Updated Jun 13, 2019 - Energy & Environment

U.S. Navy assists 2 oil tankers in Oman Sea after reports of explosion

An oil tanker cruises towards the Strait of Hormuz off the shores of Khasab in Oman on January 15, 2011

An oil tanker cruises towards the Strait of Hormuz off the shores of Khasab in Oman. Photo: Getty Images

The crews of two oil tankers were evacuated and the U.S. Navy’s Bahrain-based 5th Fleet told AP it's assisting after a "reported attack" on the vessels near the strategic Strait of Hormuz in the Gulf of Oman on Thursday.

Details: The Bermuda-based Frontline Ltd. said its vessel Front Altair was on fire, per the Wall Street Journal. BSM Ship Management, which manages the other vessel, Kokuka Courageous, said in a statement that one crewman was "slightly injured" in the incident. International Tanker Management, which manages Front Altair, issued a statement saying it's "urging nations to defuse tension" after the "attacks."

What we know: The 5th Fleet said in a statement on its website it received two separate distress calls at 6:12 a.m. and 7:00 a.m Bahrain time. The U.K. Maritime Trade Operations, operated by the British Navy, issued an alert earlier Thursday saying it was assisting with an unspecified incident in the region.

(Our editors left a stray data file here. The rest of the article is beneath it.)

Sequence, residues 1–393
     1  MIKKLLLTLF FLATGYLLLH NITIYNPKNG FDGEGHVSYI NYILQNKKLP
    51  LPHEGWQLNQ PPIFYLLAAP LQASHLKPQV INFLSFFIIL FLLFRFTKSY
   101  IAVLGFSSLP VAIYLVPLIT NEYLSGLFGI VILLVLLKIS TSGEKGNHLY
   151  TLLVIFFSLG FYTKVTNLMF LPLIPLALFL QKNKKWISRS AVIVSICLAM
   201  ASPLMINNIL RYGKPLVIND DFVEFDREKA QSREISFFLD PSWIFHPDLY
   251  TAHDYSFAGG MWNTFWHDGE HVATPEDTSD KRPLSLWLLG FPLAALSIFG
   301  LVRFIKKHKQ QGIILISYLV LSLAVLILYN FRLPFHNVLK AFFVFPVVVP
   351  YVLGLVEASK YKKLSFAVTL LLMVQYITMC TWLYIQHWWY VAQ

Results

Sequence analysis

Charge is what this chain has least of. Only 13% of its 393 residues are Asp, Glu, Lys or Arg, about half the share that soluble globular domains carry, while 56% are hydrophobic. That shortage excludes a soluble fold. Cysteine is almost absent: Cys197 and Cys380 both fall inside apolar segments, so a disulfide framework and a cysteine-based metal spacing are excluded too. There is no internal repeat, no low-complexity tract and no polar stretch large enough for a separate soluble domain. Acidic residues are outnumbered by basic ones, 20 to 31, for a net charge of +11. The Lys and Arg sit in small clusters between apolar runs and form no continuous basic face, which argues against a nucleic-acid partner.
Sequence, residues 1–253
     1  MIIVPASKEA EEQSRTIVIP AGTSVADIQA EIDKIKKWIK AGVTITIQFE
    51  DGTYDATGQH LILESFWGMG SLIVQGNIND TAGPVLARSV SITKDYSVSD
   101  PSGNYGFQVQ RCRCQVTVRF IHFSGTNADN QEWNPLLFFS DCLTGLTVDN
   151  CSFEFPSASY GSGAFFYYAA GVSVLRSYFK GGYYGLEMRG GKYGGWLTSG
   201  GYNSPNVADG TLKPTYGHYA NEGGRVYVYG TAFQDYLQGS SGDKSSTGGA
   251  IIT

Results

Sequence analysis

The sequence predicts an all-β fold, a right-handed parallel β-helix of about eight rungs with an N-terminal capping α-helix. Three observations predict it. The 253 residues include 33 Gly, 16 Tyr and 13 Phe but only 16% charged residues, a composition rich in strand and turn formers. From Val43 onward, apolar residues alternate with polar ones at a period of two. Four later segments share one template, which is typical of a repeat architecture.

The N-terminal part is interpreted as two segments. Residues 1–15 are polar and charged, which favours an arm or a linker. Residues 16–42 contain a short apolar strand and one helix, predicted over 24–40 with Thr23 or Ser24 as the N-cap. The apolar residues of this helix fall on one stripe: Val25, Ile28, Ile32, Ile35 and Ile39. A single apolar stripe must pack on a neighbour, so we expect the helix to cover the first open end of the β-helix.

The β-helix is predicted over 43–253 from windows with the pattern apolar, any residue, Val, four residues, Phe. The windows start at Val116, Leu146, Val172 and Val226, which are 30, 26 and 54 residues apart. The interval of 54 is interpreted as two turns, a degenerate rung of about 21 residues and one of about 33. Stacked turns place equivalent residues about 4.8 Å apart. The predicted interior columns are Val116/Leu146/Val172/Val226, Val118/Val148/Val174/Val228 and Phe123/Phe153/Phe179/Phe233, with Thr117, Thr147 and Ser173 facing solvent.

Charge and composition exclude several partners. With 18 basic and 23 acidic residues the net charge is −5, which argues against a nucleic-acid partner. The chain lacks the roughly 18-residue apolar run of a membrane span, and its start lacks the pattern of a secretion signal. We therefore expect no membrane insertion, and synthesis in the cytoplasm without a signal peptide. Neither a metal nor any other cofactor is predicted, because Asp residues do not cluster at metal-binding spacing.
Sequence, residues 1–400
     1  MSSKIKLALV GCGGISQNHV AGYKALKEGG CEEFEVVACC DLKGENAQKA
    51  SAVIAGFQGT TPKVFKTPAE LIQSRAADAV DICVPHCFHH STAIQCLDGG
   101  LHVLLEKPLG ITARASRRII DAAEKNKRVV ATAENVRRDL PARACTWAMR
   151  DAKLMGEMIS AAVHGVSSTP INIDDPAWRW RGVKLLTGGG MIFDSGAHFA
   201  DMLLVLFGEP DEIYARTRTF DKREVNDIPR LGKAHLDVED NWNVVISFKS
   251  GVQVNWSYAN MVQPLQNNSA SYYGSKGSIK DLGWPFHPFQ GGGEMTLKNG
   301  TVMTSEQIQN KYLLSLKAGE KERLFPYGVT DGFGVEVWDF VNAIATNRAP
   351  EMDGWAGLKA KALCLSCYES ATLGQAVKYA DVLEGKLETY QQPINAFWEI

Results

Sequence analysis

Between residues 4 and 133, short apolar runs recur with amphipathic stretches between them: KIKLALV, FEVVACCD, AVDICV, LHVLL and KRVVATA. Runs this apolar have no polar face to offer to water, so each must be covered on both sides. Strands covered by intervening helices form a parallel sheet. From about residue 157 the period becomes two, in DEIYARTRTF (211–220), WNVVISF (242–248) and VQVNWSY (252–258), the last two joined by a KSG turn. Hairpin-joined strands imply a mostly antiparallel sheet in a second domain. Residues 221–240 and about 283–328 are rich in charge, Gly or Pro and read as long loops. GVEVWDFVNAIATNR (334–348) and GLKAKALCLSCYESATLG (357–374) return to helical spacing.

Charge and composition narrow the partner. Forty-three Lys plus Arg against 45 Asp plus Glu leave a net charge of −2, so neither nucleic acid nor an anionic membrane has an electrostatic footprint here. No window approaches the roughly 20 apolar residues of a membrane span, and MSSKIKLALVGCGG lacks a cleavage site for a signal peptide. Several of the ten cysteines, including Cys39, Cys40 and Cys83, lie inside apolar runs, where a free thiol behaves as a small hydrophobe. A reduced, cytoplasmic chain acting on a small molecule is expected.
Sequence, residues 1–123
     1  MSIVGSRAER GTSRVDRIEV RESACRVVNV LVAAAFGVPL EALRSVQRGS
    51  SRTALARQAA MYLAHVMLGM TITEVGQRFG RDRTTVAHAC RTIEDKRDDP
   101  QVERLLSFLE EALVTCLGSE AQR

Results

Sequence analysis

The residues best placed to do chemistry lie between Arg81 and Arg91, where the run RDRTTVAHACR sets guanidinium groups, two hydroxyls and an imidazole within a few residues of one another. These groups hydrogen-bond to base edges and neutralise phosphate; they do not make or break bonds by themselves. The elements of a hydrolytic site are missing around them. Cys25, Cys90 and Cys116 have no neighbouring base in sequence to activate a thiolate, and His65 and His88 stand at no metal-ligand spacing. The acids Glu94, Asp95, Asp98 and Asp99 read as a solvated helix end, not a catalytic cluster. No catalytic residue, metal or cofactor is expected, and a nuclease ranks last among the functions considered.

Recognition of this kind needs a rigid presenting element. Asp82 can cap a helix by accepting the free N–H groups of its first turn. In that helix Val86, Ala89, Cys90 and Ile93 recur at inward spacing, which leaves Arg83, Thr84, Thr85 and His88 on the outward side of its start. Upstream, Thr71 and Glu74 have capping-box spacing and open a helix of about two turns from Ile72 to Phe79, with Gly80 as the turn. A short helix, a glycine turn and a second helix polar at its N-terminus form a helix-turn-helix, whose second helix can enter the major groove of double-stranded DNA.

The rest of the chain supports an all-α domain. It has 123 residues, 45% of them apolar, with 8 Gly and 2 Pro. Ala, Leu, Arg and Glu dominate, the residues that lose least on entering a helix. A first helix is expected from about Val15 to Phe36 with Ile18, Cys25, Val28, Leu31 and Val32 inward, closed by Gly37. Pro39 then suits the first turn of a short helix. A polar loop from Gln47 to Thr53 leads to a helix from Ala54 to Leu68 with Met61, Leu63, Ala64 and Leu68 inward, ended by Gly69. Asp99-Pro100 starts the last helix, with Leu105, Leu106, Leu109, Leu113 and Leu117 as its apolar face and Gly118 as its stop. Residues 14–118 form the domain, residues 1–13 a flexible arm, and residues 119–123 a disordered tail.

• Japan’s Trade Ministry said the oil tankers had "Japan-related cargo" as Prime Minister Shinzo Abe was wrapping up a high-stakes visit in Iran, which sought to ease tensions between Tehran and Washington, according to AP.
  • Iran’s state-run news agency IRNA said its navy had rescued 44 crew members from the tankers "which were hit by explosions."
  • Oil prices jumped 4% to more than $62 a barrel at one point after the latest incident was reported, according to CNBC.

The big picture: The reported attacks come a month after Saudi Arabia said two of its oil tankers sustained "significant damage" in sabotage attacks off the United Arab Emirates coast. BIMCO Head of Maritime Security Jakob P. Larsen said in the company's statement "the tension in the Strait of Hormuz and the Persian Gulf is now as high as it gets without being an actual armed conflict."

The state of play, per the New York Times: "The attacks escalated tensions in an already tense region, where Iran has long been at odds with Saudi Arabia and the United Arab Emirates, and they are backing opposite sides in the civil war in Yemen. Relations between the United States — allied with the U.A.E. and Saudi Arabia — and Iran have also worsened."

Go deeper: Saudi Arabia: 2 oil tankers damaged in sabotage attacks near UAE

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